Why We Dream

Review From User :

For once, I actually mean five stars in the sense of "everybody should read this book." This book is highly readable but contains stunning information I'd never seen anywhere else (and includes numerous references to serious primary literature).

I was reminded (stay with me here) of ancient Egyptian funerary practices. After carefully embalming organs like the heart and liver, and placing them in canopic jars, the Egyptians pulled the brain out with a hook and threw it away, because they didn't really know what it was for. This is how most modern people approach sleep. We know it must be sort of important, because why else would it be there, but we're quite foggy on the specifics and tend to give it short shrift. At worst, we see it as an "annoying and enfeebling" obstacle to other uses of our time.

Some standout topics here: your natural day/night pattern and the buildup of a chemical called adenosine in your brain that makes you sleepy, which contribute independently to your sleep cycle; and how caffeine and jetlag get you off your rhythm. (This was particularly interesting to me because I read this on a long flight. I never sleep on flights to Europe and this book explains why: I'm not sleep deprived enough to have excess adenosine to make me sleepy, plus it doesn't feel like nighttime yet when we depart. So my brain isn't interested in sleeping. When I arrive, my goal is to stay awake until 9pm and at first, it's easy. That's the "day" part of the circadian rhythm giving me a bit of a boost. But soon, that fades away and the extra adenosine comes crashing down.) The role of sleep in processing memories and new information: sorting out what's important, solidifying newly gained understanding, and turning traumatic experiences into bearable memories. How all creatures sleep, but in different ways that make the brain-repairing effects of sleep compatible with their environments. Some things that we think aid sleep, like alcohol and sleeping pills, are only useful if your goal is to lie inert in bed; they don't lead to true, restorative sleep.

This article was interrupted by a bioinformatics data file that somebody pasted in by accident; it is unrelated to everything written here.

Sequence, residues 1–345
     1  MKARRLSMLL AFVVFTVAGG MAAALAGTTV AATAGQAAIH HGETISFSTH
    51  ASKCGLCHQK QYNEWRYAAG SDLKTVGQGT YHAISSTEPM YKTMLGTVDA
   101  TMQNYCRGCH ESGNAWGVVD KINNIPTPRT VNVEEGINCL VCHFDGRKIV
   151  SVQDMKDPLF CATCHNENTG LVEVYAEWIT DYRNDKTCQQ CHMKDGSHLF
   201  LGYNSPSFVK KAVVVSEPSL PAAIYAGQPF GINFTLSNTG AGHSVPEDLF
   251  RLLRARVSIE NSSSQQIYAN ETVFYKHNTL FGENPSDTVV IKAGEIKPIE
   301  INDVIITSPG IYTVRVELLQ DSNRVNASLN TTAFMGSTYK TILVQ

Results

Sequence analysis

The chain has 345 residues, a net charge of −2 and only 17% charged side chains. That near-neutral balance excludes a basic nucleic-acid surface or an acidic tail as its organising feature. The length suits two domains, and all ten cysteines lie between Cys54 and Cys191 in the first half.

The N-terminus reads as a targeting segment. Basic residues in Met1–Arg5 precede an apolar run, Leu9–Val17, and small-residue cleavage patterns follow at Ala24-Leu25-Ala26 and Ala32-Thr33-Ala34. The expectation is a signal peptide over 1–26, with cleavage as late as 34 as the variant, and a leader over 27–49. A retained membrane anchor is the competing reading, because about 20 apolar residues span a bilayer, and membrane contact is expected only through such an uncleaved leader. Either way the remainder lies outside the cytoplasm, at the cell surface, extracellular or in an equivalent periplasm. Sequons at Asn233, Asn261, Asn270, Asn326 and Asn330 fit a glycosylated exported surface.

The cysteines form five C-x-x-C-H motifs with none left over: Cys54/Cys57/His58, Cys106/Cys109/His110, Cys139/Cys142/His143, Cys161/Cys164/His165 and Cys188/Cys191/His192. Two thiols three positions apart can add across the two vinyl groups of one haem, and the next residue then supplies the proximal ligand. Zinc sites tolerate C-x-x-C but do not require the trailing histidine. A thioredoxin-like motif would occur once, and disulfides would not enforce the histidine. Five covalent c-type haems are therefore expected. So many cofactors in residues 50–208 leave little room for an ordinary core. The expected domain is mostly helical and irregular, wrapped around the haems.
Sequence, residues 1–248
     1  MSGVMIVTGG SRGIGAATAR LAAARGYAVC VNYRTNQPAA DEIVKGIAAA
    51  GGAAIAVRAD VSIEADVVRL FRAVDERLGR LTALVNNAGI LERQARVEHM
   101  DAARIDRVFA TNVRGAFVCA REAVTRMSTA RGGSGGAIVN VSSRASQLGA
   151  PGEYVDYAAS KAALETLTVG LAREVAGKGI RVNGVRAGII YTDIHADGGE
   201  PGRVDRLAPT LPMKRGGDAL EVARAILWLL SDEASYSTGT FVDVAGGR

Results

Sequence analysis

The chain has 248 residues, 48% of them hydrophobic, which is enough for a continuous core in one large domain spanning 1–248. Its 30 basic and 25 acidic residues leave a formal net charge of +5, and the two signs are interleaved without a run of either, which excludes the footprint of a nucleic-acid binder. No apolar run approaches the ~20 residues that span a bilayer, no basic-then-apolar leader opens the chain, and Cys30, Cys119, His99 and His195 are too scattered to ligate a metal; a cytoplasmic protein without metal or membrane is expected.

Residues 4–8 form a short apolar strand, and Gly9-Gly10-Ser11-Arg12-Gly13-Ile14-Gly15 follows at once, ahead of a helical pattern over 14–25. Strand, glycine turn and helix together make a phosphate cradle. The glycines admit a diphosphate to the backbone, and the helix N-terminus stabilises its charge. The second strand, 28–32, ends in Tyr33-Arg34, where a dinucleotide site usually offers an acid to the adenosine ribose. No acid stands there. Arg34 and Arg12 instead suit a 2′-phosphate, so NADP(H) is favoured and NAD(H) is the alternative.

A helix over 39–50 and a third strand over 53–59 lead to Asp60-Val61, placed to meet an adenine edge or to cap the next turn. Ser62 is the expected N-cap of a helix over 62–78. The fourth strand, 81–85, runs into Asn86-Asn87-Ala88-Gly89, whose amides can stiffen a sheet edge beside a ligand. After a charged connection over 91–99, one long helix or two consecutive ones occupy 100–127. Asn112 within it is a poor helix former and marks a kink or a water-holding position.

Oh, and the doctor who developed the system for medical residents, and insisted that long shifts and little sleep were essential training, was a big-time cocaine addict.

There's some genuinely frightening information here as well. Sleep deficits cannot be made up (sleeping in on the weekends doesn't help) and lead to shorter lifespans. Lack of sleep contributes to Alzheimer's disease, mental illness, and cancer. (The WHO categorizes night shift work as a probable carcinogen.) Drowsy driving is more common than drunk driving and more dangerous. We may be seriously harming the country's teens by forcing them to wake up and go to high school at an hour so inimical to the circadian rhythm of that age group.

I already follow the author's advice about "sleep hygiene" so I was mostly attuned to the scientific information and arguments here about social ills. Many people in my sleep-deprived cohort may be genuinely alarmed to read this book. But that doesn't mean you shouldn't! I read so many nonfiction books with titles like this one that are ho-hum--but this one's a humdinger.

Review copy received from Edelweiss.


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